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The Debt Ceiling

Over the coming weeks and months, you’ll likely hear a lot about the debt ceiling. That’s the legal amount of money the federal government can borrow. 

$31,381,000,000,000 is our current debt limit. That’s $31.4 trillion, which is a MASSIVE amount of debt. The government owes this money because politicians in Washington simply will not stop spending. This has been the case for decades, and Republicans are just as much to blame as Democrats.

The establishment loves to spend money we cannot afford using money we do not have. Year after year, deficit spending forces the Treasury to borrow tons of money. That’s because tax revenues don’t come close to paying for all this spending. Meanwhile, the minority of conservatives like me who vote against reckless spending – even for otherwise noble efforts – are ridiculed and called every name under the sun. It’d be hilarious if it weren’t so serious.

Anyway, around Thursday of this week, the U.S. will reach our $31.4 trillion gross federal debt limit, at which point the Treasury will begin implementing “special measures” so the country can continue to meet its financial obligations for a few more months. However, by this spring or perhaps summer at the latest, Congress will need to raise the debt ceiling once again. Failure to do so could potentially cause the government to default on certain payments and would certainly send the markets and economy into chaos.

That would be disastrous, and we obviously need to avoid that situation. Therefore, the question becomes…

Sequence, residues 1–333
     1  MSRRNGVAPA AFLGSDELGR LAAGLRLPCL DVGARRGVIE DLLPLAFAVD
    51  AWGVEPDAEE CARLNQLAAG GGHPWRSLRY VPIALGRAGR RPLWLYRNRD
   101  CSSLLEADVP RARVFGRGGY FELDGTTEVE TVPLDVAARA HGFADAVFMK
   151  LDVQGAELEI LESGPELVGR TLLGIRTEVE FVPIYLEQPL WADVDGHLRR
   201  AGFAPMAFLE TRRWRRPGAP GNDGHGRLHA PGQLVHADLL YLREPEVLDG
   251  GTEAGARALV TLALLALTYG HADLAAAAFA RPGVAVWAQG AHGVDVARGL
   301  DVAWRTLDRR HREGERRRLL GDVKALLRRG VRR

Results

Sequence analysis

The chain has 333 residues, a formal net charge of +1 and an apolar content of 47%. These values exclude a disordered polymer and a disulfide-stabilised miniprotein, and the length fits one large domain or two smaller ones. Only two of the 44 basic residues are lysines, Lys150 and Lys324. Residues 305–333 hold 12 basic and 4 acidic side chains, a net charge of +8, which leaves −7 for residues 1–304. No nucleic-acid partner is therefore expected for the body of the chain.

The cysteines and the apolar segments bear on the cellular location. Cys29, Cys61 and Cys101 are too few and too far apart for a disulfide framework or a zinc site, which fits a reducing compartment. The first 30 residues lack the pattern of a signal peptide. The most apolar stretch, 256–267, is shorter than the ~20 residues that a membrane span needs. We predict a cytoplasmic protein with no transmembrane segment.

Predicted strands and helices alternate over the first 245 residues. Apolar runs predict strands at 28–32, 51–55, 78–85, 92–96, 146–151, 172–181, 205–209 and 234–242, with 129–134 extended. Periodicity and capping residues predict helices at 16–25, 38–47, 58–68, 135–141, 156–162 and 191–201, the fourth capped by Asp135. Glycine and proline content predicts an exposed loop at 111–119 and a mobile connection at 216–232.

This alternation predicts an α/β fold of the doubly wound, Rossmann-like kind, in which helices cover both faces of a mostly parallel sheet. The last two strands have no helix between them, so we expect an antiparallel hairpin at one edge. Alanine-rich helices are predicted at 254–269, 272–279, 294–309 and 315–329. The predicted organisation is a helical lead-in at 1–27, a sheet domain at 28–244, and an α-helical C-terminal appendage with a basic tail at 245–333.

*** How do we address the debt ceiling issue in a divided Congress, with the firm understanding that reasonable, incremental spending cuts need to be part of this process?

Remember: one of the “concessions” I fought so hard for during the House Speaker’s election a couple weeks ago was a commitment to put our nation on a trajectory to balance the budget within 10 years. (That’s back when some Republican commentators were still calling me a “traitor” and a “terrorist” before conveniently changing their tone after everything worked out for the better.)

So, I trust & expect Speaker McCarthy will hold true to his word on this.

In part, this means that every major piece of financial legislation ought to come with some incremental, responsible spending cuts to keep us moving along a trajectory towards a balanced budget. That’ll take time and effort of course, but whether it’s a normal appropriations bill or something like a debt ceiling increase, every step along the way represents another opportunity to cut a little more spending to help balance the budget within ~10 years.

But alas, we already have some Democrats in Congress saying they will not negotiate ANY spending reductions as part of this next debt ceiling increase; that cuts of any type are completely off the table. It’s unbelievable. Of all the unnecessary, wasteful spending in this government, this position just illustrates how committed they are to the cradle-to-grave government nanny state.

We’ll have to see how negotiations play out, but the bottom line is this: Republicans need to see some degree of incremental spending cuts in these debt ceiling negotiations. An agreement without some reasonable cuts is unacceptable.